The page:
You never know what you’re going to ride into when two wheelin’ on the tarmac. From dodging obstacles like pot holes or road kill to enduring the turbulent forces of high speed winds or welt inducing hail sent from Mother Nature, when motoring down the road it’s best to always be attentive of what lies ahead—on the road and in the sky. There’s not a whole lot you can do to protect yourself from inconsistencies in the road or the unexpected deer crossing in your path, other than to always be scanning ahead and have room to quickly maneuver if need be
As for dealing with the elements and forces of nature? Well, that’s where a windshield for your Harley, Victory, Honda or any cruiser motorcycle comes into play. Just as a football player wears a helmet with a face mask to keep his eyes and nose in working order, a windshield protects the rider's eyes and face from dust, sand, road debris, wind turbulence, and pelting rain—or worse, the aforementioned hail. Since its first inception and implementation the motorcycle windshield has come a long way, not only in material composition but in style and function as well. What was once a simple, flimsy, clear screen that would easily deteriorate with little use is now a highly technical component, often developed and tested in a wind tunnel, that not only protects the rider but provides comfort and aerodynamics as well.
These days, motorcycle windshields come in all shapes and sizes for just about any application from touring to sport bikes and cruisers, and are offered in a variety of styles from tinted to clear, permanent to quick release. Manufacturers such as National Cycle Inc. have put a ton of time, money, and research into designing windshields that not only keep the rider’s line of sight clear, but help direct wind up, over, and around the rider in an effort to produce a smoother and quieter experience with reduced buffeting and turbulence. Oh, and let’s not forget longevity and durability. Gone are the days of a windshield only lasting a riding season or two, having to be replaced because it’s too scratched up to safely see through or has turned some unsightly tint of highlighter yellow due to prolonged sun exposure. Mostly you’ll find either Lucite (acrylic) motorcycle windshields or Lexan (polycarbonate) motorcycle windshields. With the advancements in materials, like that old Timex slogan, these windscreens can take a licking and keep on ticking, or should we say clicking…away the miles that is. And while Lexan is the more durable of the two, it often costs much more as well.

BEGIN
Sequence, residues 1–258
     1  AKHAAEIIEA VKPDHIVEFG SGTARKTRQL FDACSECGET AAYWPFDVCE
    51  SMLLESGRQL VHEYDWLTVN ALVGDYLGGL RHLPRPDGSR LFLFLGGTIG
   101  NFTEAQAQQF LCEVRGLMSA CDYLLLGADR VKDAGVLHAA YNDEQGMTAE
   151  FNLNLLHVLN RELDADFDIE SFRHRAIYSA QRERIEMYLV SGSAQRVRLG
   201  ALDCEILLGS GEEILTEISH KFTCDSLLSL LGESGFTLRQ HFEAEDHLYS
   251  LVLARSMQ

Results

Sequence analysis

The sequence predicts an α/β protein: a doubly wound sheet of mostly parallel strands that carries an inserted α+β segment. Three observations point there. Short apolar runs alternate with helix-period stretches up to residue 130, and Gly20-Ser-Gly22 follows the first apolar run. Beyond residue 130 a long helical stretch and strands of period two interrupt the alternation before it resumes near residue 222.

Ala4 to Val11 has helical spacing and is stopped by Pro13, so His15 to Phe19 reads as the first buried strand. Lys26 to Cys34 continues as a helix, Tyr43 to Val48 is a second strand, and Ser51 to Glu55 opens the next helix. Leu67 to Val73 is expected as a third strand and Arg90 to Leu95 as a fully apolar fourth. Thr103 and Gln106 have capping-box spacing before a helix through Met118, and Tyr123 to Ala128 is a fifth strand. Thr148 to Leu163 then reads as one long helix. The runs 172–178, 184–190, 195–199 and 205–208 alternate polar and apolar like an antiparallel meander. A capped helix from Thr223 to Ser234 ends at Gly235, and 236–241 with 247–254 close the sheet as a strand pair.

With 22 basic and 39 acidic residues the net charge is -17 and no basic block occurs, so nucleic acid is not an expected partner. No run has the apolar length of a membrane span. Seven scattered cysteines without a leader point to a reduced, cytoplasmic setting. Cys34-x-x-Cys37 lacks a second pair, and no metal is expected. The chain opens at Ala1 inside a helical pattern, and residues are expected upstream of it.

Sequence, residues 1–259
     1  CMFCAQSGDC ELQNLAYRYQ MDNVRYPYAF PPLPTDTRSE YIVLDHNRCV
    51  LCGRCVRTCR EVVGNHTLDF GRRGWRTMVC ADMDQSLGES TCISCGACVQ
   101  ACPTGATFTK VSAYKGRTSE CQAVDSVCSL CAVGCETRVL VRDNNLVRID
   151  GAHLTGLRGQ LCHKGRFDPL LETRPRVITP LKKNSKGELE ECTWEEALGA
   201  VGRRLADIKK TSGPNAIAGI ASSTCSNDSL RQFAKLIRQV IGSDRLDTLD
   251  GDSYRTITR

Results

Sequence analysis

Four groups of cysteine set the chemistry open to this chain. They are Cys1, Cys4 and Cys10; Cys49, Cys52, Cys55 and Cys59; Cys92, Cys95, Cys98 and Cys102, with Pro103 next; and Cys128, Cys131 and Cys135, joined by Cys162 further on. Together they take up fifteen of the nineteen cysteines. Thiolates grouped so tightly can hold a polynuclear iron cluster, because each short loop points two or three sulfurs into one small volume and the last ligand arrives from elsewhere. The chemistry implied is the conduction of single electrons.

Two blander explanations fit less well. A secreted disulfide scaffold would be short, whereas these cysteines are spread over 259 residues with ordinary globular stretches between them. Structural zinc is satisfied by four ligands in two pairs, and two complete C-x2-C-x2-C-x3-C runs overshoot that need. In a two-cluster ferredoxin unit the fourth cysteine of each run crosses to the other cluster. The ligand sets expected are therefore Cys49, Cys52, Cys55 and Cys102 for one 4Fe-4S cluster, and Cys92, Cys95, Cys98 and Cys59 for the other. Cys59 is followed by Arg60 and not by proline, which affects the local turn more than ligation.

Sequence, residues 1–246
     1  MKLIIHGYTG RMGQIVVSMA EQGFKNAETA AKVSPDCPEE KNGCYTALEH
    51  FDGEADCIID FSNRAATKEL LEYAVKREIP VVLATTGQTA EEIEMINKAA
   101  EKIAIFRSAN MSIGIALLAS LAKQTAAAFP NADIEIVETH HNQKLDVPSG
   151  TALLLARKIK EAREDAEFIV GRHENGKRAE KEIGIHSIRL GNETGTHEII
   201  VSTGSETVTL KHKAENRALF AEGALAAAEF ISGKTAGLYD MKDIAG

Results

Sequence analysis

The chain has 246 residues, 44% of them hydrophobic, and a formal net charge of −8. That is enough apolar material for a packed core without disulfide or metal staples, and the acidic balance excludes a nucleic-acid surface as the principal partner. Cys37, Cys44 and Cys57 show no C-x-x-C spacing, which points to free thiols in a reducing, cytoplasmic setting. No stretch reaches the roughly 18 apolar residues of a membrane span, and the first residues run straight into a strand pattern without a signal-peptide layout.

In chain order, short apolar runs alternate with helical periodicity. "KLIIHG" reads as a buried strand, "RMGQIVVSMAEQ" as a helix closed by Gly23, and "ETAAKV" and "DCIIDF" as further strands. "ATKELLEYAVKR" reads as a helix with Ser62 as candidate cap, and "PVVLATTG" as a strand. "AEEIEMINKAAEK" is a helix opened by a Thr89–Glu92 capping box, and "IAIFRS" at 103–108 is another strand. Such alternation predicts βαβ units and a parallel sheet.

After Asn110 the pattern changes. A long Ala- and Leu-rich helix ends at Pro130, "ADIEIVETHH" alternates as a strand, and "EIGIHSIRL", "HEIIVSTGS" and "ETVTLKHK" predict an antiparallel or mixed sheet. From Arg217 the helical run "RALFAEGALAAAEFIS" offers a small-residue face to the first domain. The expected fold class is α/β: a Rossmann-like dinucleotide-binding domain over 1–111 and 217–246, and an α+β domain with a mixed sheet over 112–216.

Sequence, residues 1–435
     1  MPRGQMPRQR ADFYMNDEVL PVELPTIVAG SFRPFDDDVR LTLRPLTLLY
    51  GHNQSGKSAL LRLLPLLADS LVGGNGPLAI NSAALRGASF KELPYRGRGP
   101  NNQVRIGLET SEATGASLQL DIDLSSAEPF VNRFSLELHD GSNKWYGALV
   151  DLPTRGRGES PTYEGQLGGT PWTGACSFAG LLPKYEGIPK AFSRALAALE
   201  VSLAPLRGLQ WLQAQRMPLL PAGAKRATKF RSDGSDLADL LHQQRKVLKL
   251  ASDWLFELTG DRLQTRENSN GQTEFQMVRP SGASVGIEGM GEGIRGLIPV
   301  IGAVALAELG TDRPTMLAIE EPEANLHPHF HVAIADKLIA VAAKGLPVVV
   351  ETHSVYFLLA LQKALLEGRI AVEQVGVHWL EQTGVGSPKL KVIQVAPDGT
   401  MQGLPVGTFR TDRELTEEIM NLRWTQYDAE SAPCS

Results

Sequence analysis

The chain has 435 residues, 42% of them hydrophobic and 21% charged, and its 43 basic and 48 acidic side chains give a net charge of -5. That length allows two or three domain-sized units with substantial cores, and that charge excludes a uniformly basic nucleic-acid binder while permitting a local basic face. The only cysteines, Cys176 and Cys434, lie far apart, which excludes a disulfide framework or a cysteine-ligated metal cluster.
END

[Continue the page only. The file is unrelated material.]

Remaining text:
When shopping for a windshield there are plenty of options to choose from. Do you want something short and simple to add a bit of style to your ride? Maybe National Cycle’s Flyscreen is what you’re looking for? It won’t provide a ton of protection, but it will help deflect and redirect some wind, and with its dark tint and compact stature it’ll give your bike a bit of racing flair. For those that enjoy riding in extreme weather conditions something with a lot more coverage is a good choice, like the Santa Cruz Windshield from Memphis Shades (above image). This windshield is not only tall enough to keep rain and road dust out of most riders faces, but its sides stretch out to help protect the hands from wind chill while the lower section extends down a bit to help direct wind away from the lower body/upper legs.
On the other end of the spectrum there’s National Cycle’s VStream vented motorcycle windshield. Designed with its patented V shape, this windshield pushes wind away from the sides of the rider’s head while the cut out in the center provides the opportunity to install a vent to direct air flow to the rider’s body to help cool off in high temperatures. For those that want style and function, the Stealth windshield from Slipstreamer (above) offers the best of both worlds. With its curvaceous shape the Stealth looks like you’re in the cockpit of a vintage sports car, yet the extended lowers and sides offer solid wind protection.
Some people like the option of quickly and easily removing their windshield when going for a short putt down the street. For those riders Wind Vest’s handlebar mounted windscreen is a good choice. With basic hand tools you could go from strip down to road trip ready in just a few minutes. Lastly, if you like versatility then look no further than the Deflector Screen from National Cycle. Available in light tint or clear versions, the Deflector (above) is quick and easy to remove as well, but you can also adjust the rake (angle) of the windscreen for optimum comfort simply by turning the wing screws.
Whatever, you’re motorcycle windshield choice is, chances are once you find the one that’s right for you, you’ll wonder how you were able to ever ride without one.